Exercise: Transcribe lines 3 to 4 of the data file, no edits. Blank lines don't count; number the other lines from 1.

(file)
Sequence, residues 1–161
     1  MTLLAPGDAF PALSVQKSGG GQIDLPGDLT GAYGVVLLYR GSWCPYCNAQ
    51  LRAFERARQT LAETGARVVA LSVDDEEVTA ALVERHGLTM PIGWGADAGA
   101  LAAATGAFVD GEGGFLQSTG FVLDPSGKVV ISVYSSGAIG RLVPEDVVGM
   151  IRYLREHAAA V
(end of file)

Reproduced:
    51  LRAFERARQT LAETGARVVA LSVDDEEVTA ALVERHGLTM PIGWGADAGA
   101  LAAATGAFVD GEGGFLQSTG FVLDPSGKVV ISVYSSGAIG RLVPEDVVGM